The steep descent from here takes you down into Barry's Bay, at the beginning of Akaroa Harbour. Here you can find Barry's Bay Cheese Factory, a traditional dairy which had it's roots planted right after the original settlers moved in. Here you can sample some of the many cheeses on offer, there's nowhere to sit and eat which is a shame but you can buy a few provisions and eat them on the way back to you car, just like we did. It's worth a stop at least.

Here's another tip. Don't leave your left over cheese rind in the car, sorry Ezy I don't think we ever took ours out of the ashtray.

Finally we reached Akaroa, the site of the only attempted settlement by the French in New Zealand. By this stage the weather turned for the worse and it started to rain. We therefore decided to park up and find somewhere dry to get some lunch and a hot drink.

Up to this point we'd met very little traffic on the ever-winding roads which snake uphill and then downhill like a giant rollercoaster track. However everyone on the peninsula was in Akaroa. It took a while to find a parking space and then by pure chance we found a table in a popular little cafe which was otherwise filled with a senior citizen coach trip and residents from a local care home (harsh but true).

Akaroa is a bit of a tourist trap and gets very busy. We were lucky to find a table anywhere, and on a sunny day this wouldn't have been a problem. Akaroa is full of French-style cafes and deli's, getting a take-out and finding somewhere pretty to sit isn't usually a problem here.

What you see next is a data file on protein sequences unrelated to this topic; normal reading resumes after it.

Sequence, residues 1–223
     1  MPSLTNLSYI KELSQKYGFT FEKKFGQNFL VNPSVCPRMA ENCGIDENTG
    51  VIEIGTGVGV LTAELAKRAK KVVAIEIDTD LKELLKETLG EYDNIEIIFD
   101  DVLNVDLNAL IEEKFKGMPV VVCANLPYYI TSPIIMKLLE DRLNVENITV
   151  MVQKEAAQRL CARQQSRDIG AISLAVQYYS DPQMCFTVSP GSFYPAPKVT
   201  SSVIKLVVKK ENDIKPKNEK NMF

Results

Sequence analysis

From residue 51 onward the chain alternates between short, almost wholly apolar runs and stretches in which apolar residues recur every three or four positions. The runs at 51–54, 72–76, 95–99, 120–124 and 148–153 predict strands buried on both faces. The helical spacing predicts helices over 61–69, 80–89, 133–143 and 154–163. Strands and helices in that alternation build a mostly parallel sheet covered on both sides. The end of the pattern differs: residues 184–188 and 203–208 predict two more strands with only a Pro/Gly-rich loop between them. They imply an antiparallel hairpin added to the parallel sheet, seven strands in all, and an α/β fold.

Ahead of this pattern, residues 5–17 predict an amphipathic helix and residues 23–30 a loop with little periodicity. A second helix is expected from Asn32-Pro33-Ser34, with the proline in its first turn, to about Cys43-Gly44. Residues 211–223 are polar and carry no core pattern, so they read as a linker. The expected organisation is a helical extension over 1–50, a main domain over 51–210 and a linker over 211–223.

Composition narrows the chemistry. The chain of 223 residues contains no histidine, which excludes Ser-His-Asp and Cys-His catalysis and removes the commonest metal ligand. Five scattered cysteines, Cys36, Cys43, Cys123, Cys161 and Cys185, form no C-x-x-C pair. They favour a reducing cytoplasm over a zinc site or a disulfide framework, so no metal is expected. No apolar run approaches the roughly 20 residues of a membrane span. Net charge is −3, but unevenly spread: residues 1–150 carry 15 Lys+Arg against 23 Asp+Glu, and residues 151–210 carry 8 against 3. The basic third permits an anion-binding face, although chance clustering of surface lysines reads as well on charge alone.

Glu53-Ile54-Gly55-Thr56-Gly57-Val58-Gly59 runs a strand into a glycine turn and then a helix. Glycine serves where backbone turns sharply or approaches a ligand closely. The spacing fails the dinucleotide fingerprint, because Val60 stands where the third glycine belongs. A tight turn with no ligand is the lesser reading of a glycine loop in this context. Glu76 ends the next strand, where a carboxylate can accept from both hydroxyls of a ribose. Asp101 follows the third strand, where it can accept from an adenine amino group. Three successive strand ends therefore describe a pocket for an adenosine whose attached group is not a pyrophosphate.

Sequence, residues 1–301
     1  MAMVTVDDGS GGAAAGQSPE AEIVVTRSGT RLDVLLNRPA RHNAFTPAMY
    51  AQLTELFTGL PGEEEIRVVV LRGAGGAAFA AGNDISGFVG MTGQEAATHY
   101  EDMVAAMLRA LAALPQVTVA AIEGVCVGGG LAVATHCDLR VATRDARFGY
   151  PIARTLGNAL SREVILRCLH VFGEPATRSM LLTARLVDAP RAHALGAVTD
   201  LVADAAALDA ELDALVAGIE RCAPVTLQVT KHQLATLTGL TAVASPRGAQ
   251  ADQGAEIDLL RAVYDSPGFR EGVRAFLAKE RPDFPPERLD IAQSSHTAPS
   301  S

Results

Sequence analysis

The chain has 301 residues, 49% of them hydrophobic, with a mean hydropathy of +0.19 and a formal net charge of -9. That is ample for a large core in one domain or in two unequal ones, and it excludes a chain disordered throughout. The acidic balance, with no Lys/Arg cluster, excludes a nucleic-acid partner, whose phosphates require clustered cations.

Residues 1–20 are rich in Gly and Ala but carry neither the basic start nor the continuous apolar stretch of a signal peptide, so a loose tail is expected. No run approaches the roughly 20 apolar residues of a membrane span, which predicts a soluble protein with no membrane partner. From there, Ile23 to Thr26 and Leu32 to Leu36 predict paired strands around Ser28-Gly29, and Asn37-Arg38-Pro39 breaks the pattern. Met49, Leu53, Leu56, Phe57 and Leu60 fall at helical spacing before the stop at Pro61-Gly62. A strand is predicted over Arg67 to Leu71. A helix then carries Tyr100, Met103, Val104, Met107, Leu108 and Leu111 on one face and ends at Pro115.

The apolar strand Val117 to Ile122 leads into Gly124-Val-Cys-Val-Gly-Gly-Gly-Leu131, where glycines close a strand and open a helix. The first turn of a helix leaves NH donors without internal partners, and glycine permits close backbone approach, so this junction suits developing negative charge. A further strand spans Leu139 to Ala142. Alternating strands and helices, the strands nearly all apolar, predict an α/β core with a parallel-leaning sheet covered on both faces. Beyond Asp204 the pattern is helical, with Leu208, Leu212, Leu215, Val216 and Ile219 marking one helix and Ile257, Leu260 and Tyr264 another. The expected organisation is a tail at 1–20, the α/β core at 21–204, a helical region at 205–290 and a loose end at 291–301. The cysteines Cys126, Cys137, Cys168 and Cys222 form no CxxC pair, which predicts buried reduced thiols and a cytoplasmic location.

We wandered through the rest of Akaroa which was pleasant enough despite the weather. The French influence is still evident in the street names and cuisine of many restaurants but I suspect it was a tourist draw rather than any real sense of French pride. Nevertheless the buildings were very quaint, vibrantly painted and featured an array of art galleries and gift shops to wander around. In nicer weather it is possible to take boat trips around the harbour and adjoining bays which I imagine to be worthwhile. However, today they were all cancelled due to the wind and rain. Again Hectors Dolphin can be found around the bay here and there is a couple of tour companies which leave from Akaroa Harbour and allow you to swim with the dolphins, if you missed it in Kaikoura that is.